Enzi: Fixing Broken Budget Process Can Help Address Runaway Spending and Debt

WASHINGTON D.C. – During a hearing today focused on fixing the broken budget process and restoring stability to government operations, Senate Budget Committee Chairman Mike Enzi (R-WY) said that improving the broken budget process could help America succeed in addressing runaway spending and our explosive national debt.

“America’s current budget process is designed to fail. It is time to focus on creating a transparent, accountable, and predictable process that actually fits the problem,” said Chairman Enzi.  “Even small changes can begin to help our country succeed in addressing its runaway spending and our exploding national debt.”

Enzi noted that nearly every aspect of the current budget process is riddled with uncertainty. He pointed to the annual budget resolution that should serve as a long-term planning document that signals to stakeholders how Congress will allocate the country’s limited resources.  Instead, he said, it currently has little bearing on the tax and spending decisions Congress must make every year. Annual appropriations bills in Congress are chronically late and have not passed through regular order in over 20 years.

There’s also significant uncertainty generated by the government’s future overspending, said Enzi.  The Congressional Budget Office states the government’s continued overspending will add $11 trillion in additional debt in the next 10 years as entitlements begin to take over the budget.  Even more alarming, the annual interest costs on America’s debt alone will total $839 billion per year in just 10 short years, which is more than the nation spends on defense and education annually.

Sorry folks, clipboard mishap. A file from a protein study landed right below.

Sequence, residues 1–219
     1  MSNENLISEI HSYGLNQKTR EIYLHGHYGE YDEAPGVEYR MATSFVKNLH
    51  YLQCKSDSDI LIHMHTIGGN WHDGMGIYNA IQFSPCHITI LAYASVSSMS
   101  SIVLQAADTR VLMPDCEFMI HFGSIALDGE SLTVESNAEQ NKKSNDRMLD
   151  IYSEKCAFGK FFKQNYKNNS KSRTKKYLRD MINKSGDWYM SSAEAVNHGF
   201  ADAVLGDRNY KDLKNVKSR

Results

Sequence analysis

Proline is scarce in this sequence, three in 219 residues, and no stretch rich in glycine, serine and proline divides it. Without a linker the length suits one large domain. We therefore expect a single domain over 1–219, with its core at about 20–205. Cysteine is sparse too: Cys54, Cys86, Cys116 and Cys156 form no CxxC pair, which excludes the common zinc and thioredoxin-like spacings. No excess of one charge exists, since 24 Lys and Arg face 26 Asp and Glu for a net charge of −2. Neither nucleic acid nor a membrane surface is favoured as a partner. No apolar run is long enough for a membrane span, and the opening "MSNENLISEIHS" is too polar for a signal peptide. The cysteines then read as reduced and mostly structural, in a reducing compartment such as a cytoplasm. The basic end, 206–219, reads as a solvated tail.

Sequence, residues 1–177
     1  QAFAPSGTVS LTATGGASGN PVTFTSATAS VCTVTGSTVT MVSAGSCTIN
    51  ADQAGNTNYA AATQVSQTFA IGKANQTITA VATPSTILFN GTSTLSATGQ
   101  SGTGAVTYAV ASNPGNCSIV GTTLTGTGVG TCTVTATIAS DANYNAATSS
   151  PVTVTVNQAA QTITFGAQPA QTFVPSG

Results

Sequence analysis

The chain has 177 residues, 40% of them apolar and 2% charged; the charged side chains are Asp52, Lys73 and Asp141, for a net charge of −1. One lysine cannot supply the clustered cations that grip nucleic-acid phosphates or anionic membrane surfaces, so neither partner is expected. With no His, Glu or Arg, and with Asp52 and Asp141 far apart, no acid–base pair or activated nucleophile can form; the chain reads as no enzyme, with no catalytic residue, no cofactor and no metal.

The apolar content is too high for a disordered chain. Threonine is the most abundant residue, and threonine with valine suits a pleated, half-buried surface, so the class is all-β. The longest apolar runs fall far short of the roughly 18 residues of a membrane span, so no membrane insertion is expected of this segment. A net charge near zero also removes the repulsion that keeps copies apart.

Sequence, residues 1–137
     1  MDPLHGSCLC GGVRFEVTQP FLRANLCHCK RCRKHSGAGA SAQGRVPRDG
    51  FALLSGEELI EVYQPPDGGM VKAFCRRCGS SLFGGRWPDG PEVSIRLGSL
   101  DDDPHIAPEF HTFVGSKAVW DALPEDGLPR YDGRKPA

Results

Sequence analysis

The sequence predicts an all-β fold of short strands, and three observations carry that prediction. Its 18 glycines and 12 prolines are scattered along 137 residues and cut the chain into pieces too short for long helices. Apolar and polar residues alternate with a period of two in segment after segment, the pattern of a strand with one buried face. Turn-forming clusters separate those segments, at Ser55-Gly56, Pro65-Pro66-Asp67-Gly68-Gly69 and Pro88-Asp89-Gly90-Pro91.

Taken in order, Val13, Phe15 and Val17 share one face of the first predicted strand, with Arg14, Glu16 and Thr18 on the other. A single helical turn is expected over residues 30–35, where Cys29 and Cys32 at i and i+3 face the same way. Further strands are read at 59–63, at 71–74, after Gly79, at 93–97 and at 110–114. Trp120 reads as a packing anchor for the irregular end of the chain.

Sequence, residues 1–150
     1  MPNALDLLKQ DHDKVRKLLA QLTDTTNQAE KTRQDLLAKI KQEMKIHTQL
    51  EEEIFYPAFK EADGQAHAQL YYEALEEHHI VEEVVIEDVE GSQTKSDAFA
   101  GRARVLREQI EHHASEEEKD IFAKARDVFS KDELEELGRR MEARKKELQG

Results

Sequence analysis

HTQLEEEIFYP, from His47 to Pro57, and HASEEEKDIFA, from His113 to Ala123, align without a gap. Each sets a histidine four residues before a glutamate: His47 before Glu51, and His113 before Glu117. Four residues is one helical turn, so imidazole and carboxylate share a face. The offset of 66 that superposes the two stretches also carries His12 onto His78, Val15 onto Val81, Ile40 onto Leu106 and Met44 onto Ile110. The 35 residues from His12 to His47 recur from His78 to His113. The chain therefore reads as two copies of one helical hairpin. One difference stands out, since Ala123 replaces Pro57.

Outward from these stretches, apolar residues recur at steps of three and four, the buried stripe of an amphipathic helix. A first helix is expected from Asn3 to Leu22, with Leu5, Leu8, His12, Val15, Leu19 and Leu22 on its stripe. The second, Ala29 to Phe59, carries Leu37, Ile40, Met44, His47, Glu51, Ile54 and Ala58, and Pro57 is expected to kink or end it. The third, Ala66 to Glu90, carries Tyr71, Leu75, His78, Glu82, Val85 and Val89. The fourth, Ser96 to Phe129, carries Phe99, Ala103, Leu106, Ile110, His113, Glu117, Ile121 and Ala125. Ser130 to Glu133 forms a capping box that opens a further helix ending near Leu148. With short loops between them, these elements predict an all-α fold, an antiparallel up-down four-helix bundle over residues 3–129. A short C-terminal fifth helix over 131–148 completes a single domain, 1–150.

“An effective budget would enforce long-term spending discipline so that agencies, businesses, and constituents can plan accordingly,” Chairman Enzi said.  “At the agency level, government managers should be held accountable for performance.  And inadequate results should trigger increased scrutiny and program review.  A longer appropriations cycle would also reduce uncertainty.  If Congress enacted two years of funding in appropriations bills, agencies could plan for two years, rather than one year.  And they could spend less time formulating new budgets and worrying what Congress will do in the next fiscal year.” 

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